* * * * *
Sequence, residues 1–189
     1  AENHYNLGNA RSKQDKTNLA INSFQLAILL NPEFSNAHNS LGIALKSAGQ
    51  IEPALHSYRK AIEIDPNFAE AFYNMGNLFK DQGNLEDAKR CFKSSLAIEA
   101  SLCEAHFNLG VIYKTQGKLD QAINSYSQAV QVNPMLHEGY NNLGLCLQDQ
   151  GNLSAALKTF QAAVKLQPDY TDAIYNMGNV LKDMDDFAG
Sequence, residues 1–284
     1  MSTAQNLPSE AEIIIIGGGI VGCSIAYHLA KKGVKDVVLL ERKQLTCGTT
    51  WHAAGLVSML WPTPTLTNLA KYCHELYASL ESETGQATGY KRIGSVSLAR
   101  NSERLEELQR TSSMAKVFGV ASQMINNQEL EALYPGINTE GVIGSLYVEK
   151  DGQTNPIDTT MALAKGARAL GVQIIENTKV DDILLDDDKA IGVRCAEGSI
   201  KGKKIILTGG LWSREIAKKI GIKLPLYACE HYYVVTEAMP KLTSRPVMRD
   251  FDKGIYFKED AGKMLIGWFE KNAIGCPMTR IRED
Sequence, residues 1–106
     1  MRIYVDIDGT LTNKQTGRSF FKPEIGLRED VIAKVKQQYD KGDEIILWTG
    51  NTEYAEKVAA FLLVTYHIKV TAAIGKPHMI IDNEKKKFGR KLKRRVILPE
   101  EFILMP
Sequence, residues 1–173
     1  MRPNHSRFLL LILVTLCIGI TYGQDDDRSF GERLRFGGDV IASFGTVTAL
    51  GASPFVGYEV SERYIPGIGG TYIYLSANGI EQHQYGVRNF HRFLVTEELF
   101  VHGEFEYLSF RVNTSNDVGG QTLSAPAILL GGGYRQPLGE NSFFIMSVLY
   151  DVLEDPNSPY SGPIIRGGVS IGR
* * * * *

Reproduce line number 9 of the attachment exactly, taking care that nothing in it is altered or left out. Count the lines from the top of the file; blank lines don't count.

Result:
   101  NSERLEELQR TSSMAKVFGV ASQMINNQEL EALYPGINTE GVIGSLYVEK